Diabetes and Your Emotional Health

Having diabetes may cause some related stress. It might come from having to take medicine or to test your blood sugar daily. It may also come from having to exercise, eat healthy, and deal with health care expenses related to diabetes care. Without action, this distress can lead to depression.

If you are no longer interested in doing things that you used to enjoy for 2 weeks or more, or you have any of these symptoms, talk with your health care provider:

  • Trouble sleeping
  • Change in appetite
  • Trouble concentrating
  • Loss of energy
  • Feeling sad, blue, or down in the dumps
  • Nervousness
  • Guilt
  • Morning sadness
  • Suicidal thoughts

How to help lower stress in your life

Everyone has different ways of dealing with stress. Here are some ways to help you cope:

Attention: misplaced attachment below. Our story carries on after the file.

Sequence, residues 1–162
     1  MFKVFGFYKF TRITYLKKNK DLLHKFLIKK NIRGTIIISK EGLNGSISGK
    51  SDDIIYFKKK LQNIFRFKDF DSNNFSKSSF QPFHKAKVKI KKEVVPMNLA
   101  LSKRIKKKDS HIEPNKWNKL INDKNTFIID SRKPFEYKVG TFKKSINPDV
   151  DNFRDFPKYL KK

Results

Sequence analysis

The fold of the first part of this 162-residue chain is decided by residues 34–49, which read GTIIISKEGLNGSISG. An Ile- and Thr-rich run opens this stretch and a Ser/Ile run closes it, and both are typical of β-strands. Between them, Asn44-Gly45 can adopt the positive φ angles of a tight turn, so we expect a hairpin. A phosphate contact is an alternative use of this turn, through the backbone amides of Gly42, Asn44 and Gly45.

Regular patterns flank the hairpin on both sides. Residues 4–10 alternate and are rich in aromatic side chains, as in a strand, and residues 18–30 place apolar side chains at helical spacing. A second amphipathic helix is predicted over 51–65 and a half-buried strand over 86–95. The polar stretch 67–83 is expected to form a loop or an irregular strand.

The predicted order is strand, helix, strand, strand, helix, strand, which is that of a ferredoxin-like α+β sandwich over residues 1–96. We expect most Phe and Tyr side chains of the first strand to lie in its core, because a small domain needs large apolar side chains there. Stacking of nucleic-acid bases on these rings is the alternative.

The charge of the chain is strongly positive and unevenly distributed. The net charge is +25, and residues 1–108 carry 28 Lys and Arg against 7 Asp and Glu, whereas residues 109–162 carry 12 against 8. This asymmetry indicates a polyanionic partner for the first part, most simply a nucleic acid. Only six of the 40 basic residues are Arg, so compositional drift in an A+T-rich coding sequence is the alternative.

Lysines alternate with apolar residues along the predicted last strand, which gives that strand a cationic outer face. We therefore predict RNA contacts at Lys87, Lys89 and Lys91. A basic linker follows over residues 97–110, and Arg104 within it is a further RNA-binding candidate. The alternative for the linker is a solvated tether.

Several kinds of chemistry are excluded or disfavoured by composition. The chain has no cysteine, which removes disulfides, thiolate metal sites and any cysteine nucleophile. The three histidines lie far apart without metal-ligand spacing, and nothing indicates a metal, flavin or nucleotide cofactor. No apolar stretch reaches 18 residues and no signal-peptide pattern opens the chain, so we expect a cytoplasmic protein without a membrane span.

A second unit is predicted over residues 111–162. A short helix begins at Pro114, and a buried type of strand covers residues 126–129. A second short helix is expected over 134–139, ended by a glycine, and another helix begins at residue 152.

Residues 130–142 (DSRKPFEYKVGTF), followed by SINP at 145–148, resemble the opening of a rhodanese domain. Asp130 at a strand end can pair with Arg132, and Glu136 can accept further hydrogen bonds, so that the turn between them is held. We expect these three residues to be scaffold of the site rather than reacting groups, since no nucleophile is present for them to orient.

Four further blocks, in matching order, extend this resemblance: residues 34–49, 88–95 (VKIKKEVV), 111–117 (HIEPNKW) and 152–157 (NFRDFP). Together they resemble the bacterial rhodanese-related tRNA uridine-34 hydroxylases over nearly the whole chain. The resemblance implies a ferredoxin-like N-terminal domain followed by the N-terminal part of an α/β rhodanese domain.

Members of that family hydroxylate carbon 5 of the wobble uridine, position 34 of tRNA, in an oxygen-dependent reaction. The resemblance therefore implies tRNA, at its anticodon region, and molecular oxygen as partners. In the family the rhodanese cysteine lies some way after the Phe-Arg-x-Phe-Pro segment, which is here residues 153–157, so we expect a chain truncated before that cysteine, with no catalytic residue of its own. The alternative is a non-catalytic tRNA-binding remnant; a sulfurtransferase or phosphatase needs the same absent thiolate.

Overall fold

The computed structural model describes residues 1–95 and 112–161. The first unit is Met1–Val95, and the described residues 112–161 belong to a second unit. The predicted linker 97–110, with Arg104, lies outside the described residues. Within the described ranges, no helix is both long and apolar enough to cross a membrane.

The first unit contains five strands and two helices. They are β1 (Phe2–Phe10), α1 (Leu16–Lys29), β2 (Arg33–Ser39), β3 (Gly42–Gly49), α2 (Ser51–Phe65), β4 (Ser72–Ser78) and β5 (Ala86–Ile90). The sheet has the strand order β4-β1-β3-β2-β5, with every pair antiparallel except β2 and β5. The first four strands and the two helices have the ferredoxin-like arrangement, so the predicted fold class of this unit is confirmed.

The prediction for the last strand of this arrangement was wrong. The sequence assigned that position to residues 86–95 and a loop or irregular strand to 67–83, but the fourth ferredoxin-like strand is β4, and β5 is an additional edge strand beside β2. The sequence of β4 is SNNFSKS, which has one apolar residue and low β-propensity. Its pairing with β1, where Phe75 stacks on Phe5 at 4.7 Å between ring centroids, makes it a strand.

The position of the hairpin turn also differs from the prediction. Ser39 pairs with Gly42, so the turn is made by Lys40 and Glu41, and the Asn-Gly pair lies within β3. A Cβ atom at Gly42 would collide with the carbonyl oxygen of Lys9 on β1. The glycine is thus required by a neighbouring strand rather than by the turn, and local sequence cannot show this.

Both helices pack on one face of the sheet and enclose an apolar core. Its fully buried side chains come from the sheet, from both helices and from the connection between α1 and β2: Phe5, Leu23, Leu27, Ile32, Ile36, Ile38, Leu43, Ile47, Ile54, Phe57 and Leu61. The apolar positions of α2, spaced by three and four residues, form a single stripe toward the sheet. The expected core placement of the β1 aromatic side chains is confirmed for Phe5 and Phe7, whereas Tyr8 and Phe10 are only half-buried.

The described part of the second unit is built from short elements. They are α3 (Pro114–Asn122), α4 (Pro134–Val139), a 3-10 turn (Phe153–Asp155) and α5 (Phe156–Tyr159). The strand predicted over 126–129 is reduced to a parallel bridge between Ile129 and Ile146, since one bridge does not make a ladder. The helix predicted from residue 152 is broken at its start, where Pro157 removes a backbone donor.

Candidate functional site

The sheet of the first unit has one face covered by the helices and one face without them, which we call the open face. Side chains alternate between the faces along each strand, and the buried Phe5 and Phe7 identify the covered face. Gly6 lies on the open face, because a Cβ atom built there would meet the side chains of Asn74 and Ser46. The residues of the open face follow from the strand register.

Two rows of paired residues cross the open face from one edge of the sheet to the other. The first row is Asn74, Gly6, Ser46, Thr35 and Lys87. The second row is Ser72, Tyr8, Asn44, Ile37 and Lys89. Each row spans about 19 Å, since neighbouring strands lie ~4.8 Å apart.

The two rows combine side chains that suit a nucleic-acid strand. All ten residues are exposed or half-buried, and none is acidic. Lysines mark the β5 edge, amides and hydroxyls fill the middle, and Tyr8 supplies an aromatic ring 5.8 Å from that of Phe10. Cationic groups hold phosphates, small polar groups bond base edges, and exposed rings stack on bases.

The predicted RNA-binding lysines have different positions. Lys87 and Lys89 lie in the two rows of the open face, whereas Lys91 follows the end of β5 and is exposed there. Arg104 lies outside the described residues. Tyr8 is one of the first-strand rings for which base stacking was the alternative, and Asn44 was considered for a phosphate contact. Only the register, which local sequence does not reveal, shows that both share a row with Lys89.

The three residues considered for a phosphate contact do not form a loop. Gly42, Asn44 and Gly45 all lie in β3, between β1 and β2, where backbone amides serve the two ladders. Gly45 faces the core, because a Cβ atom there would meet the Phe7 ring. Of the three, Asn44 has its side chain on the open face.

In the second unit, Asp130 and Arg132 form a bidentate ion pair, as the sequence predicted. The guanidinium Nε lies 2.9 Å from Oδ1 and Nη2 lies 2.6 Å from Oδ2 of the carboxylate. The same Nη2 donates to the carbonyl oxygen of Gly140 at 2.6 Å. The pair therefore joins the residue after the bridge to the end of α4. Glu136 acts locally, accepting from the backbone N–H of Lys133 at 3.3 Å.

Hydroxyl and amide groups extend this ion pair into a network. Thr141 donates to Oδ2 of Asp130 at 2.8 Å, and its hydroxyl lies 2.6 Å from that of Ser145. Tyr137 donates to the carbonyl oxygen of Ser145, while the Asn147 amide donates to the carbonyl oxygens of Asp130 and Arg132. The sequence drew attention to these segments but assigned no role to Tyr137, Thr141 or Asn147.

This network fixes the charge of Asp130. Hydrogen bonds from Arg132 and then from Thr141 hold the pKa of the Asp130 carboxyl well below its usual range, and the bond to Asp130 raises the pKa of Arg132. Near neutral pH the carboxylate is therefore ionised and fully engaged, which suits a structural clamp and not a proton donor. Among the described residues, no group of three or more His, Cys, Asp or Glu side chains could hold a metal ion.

• Start a new exercise program or play a sport
  • Start a new hobby or learn a new craft
  • Stay busy. Volunteer at a hospital or a charity.

Stress can affect blood sugar levels in 2 ways in people with diabetes

  1. Stress hormones may raise blood sugar levels.
  2. People under stress may not take good care of themselves. They may not check their blood sugar levels or eat healthy. They may exercise less or not at all or they may drink more alcohol.

Getting support can help. Here are some tips

  • Find a support group
  • Make friends in support groups. It may help you learn new ways to cope with stress.
  • Find people with diabetes who are dealing with the similar things
  • Ask your health care provider about seeing a therapist or counselor


Ask your health care provider about positive things you can do to help you feel better when you are feeling stress.

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